CCC has spurned slots allocated to them by the Zimbabwe Broadcasting Corporation (ZBC) in terms of the Electoral Act while the party has also made “unrealistic” expectations on their advertisements by demanding that the public broadcaster do commercial productions on their behalf.
This was said by Permanent Secretary for Information, Publicity and Broadcasting Services, Mr Nick Mangwana, in a statement yesterday, while responding to a statement from CCC that had accused ZBC of not flighting their programmes and adverts.
The CCC went on to characterise ZBC’s reports as “unconstitutional and biased in favour of Zanu PF”.
But Mr Mangwana said preliminary inquiries by the Government have shown that bickering and power struggles in CCC have seen the party failing to send representatives to take up their slots.
Mr Mangwana said while ZBC will substantially respond to the allegations by CCC, their role as the Government ends with providing policy direction and parliamentary accountability.
“The public broadcaster is independent of Government and has its own board and management. We support them with policy directions, resource advocacy and parliamentary accountability,” said Mr Mangwana.
“We have since asked them to formally respond to the CCC public statement so as to correct any misunderstandings which may have arisen between the parties. The ZBC have assured us that they will issue a statement in the spirit of public institution accountability.
“The position of Government is that the public broadcaster is there to serve all. This includes all political parties, all natural or juristic persons. From our preliminary inquiry, we have been made to understand that there are challenges with bringing CCC people on air as they either don’t want to come to programmes or they have internal contradictions which give them a challenge on deciding who should moderate or appear on a programme and how the programme should be structured.
“This sometimes leads to indecision on who should attend a programme on their behalf and the embargoing of others from attending. The public broadcaster tries to avoid getting involved in these internal contradictions which sometimes lead to the party not being represented at all in spite of ZBC’s efforts to have equitable representation of all players.”Regarding advertisements, Mr Mangwana said CCC declined to discharge its obligation by making its own commercial productions, and has, instead sought to have ZBC do so for them.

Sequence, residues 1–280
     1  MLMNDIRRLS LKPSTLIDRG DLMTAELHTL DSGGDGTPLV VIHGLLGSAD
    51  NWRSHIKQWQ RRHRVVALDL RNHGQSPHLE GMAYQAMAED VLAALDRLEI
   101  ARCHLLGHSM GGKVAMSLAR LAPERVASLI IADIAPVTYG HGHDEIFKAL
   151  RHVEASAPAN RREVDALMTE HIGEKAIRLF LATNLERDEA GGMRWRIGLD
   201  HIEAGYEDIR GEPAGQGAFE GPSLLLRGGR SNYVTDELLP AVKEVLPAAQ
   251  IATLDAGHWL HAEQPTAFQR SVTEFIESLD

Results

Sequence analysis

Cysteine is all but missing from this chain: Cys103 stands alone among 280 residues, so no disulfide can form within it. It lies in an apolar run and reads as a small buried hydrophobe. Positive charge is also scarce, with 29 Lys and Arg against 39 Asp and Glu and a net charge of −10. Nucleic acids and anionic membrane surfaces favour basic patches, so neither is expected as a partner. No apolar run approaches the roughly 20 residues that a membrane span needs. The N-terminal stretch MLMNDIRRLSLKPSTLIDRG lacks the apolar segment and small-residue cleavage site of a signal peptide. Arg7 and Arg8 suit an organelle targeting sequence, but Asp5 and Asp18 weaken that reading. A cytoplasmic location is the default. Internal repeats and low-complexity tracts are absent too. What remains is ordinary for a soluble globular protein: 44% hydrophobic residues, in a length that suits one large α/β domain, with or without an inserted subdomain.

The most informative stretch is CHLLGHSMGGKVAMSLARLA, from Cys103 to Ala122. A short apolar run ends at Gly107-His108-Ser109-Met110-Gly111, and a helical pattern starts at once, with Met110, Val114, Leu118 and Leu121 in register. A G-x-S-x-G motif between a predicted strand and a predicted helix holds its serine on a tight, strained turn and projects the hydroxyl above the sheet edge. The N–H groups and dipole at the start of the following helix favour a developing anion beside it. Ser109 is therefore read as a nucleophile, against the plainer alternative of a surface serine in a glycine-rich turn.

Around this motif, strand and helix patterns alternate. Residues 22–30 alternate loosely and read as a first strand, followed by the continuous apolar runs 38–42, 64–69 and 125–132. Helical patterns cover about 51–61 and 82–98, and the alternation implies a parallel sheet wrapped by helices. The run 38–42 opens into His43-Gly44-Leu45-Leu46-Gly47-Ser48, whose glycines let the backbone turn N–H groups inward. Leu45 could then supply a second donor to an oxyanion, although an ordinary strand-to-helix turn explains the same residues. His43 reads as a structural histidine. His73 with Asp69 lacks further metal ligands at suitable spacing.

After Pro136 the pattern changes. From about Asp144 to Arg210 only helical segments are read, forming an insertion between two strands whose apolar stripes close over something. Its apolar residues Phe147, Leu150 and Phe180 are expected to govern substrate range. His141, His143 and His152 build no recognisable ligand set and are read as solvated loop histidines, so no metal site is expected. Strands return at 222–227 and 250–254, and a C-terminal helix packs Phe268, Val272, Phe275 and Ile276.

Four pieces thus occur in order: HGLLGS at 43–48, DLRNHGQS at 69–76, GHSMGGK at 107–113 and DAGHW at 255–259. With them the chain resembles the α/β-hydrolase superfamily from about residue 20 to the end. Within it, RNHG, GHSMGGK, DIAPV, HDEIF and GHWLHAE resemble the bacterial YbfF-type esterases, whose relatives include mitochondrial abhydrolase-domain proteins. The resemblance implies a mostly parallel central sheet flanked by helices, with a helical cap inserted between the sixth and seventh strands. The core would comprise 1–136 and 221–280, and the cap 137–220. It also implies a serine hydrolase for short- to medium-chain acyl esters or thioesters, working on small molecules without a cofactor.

“When it comes to the airing of CCC adverts, ZBC reports that CCC leadership has an ‘unrealistic’ expectation that ZBC should do the commercial productions for them. This is a misunderstanding of the public broadcaster’s role.
“The CCC party needs to have its own creatives to do its productions just like Zanu PF. The ZBC is a broadcaster and not an advertising agency and would appreciate completed productions and of course commensurate payment for the purchased airtime,” said Mr Mangwana.
He said Zanu PF and the Government were paying for all their programmes including national events like galas if they are to be aired live on television.
Government pays for the National Heroes Galas when they are broadcast live on ZBC.
“We call upon everyone to support our national institutions in their commercial efforts to avoid turning into fiscal burdens to the taxpayer,” said Mr Mangwana.
In terms of the law, ZBC is obliged to allow all contesting political parties and candidates free broadcasting slots to air their views, and/or manifestos as well as submit paid for advertisements as part of creating a conducive environment for free and fair elections. Herald